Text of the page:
Located just 35 miles from Boston, Nashua, New Hampshire, has become an extension of the Greater Boston retail market, luring residents from Massachusetts with the promise of tax-free goods.  New England Development, along with Packard Development and W/S Development, is capitalizing on this growing sector with the development of Nashua Landing, a 600,000-square-foot lifestyle center. Anchored by the first Whole Foods in New Hampshire, the project will feature specialty shops and restaurants, plus a premier theatre. The project is expected to break ground this fall with completion scheduled for 2009.

— Stephanie Mayhew

Gloucester Crossing

Gloucester Crossing

The Wilder Companies, in partnership with Sam Park & Company, is developing Gloucester Crossing in Gloucester, Massachusetts. The mixed-use project will feature a 200,000-square-foot, open-air retail center, as well as a residential component and a hotel. Located along Route 128 at Blackburn Circle, the new retail center is situated to serve the Cape Ann and North Shore communities. The center is scheduled to open in 2008.

— Stephanie Mayhew

Seaport Square

Seaport Square

Gale International and Morgan Stanley Real Estate are currently developing one of Boston’s newest mixed-use developments, Seaport Square. Located on 23 acres of what is one the largest undeveloped sites adjacent to Boston’s Central Business District, the parcel stretches from the Evelyn Moakley Bridge along Seaport Boulevard to the World Trade Center and the new convention center. Chestnut Hill, Massachusetts-based W/S Development was recently selected to develop the retail, entertainment and dining component of the mixed-use project. Aside from the retail component, Seaport Square will contain a mix of residential, office, hotel, educational and cultural uses.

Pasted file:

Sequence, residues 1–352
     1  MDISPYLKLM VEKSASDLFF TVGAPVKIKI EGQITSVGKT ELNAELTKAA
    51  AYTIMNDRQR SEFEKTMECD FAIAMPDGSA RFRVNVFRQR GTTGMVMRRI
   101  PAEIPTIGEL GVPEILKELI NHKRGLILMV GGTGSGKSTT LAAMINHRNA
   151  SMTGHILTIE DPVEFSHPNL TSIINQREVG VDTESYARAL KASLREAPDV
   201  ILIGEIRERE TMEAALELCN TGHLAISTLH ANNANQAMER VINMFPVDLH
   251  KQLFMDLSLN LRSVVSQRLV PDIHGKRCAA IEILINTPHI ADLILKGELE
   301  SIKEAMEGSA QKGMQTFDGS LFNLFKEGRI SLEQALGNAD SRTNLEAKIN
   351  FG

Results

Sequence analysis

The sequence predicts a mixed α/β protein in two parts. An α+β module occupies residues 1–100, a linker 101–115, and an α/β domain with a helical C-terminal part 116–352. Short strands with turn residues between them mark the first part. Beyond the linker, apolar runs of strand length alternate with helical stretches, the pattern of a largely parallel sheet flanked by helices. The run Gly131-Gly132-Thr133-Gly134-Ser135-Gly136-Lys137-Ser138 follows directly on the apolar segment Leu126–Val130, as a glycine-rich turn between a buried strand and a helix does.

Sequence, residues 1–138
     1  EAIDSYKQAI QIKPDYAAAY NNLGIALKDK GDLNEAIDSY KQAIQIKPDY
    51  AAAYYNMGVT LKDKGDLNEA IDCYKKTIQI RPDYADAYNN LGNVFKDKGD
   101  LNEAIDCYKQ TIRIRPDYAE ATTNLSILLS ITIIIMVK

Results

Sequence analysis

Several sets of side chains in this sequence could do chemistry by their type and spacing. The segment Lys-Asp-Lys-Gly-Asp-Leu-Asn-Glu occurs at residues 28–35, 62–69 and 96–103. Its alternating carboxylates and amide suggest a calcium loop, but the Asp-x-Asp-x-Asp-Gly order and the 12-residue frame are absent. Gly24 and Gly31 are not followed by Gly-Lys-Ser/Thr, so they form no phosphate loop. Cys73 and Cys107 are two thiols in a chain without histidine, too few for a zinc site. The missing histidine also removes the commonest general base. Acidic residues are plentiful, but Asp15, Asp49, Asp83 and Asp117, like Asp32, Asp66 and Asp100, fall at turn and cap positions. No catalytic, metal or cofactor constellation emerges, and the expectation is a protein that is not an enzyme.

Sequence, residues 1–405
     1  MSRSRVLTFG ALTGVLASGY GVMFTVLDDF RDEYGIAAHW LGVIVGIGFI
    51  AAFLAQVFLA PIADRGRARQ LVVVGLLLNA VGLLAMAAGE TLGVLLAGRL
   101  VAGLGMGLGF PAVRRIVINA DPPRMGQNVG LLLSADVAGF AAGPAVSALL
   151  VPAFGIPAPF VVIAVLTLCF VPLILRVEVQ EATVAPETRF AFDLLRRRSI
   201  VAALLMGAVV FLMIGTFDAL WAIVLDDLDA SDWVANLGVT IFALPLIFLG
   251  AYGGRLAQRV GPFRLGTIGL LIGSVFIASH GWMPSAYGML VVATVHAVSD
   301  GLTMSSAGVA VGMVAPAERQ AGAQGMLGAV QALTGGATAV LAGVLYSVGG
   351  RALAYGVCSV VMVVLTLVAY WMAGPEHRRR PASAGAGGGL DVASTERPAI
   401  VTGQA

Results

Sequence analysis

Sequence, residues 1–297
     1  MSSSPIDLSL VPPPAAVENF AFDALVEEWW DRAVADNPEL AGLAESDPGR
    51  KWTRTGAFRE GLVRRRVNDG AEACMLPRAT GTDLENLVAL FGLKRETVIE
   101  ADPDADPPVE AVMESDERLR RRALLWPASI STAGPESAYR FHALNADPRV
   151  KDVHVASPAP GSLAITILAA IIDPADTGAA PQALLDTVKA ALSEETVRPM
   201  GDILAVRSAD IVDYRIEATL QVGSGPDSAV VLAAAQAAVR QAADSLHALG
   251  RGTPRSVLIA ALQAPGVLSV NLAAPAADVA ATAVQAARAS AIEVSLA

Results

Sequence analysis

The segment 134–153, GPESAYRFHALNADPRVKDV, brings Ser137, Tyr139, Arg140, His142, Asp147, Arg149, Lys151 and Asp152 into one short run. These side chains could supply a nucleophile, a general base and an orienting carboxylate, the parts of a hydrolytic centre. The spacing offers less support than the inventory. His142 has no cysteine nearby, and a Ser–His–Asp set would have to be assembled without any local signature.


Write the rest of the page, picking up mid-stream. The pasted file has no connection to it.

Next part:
— Stephanie Mayhew

Regional Strengths Will Help Retail Weather Shakeout

Retail finance trends indicate that we have entered a transitional period of short-term pain followed by long-term gain.  After a long spell of eager capital, rating agencies are tightening underwriting criteria.  Spreads are wider today than a year ago.  The pattern is occurring in all asset classes, not just retail. Some retailers and developers will experience discomfort before conditions restabilize, but there will be pluses.  Also, when standards tighten, owners are better able to absorb potential losses.  It’s also worth noting that while standards are stricter, the supply of capital isn’t diminishing.  Owners will not be handing back the keys so readily due to the lack of cash flow to cover debt service. Another positive is the continued success of specialty and higher-end stores like Coach and Ralph Lauren. Along these lines, investment columnist Andrew Lackey recently praised Saks for selling off two lower-price divisions in 2005.  While not declaring a “complete turnaround,” he applauded the “renewed focus on [the] upscale Saks.” In spite of widening spreads – and despite some regional closings by Circuit City and others – New England still boasts many retail bright spots. Hedge fund affluence keeps Greenwich-area retail vibrant and Berkshires and Cape Cod vacationers keep buying Prada bags and Ferragamo shoes.  In addition, the dollar is very weak compared with the Euro and British pound, so European tourists get tremendous value with each purchase.  And with new lifestyle centers and boutique shops, Boston’s Beacon Hill is starting to resemble such retail hot spots as Manhattan’s SoHo and Bleecker Street. In summary, not all is bleak but be ready to steel your way through a shakeout. 

— Angela Mirizzi-Olsen, executive VP of  Meridian Capital Group.

©2007 France Publications, Inc. Duplication or reproduction of this article not permitted without authorization from France Publications, Inc. For information on reprints of this article contact Barbara Sherer at (630) 554-6054.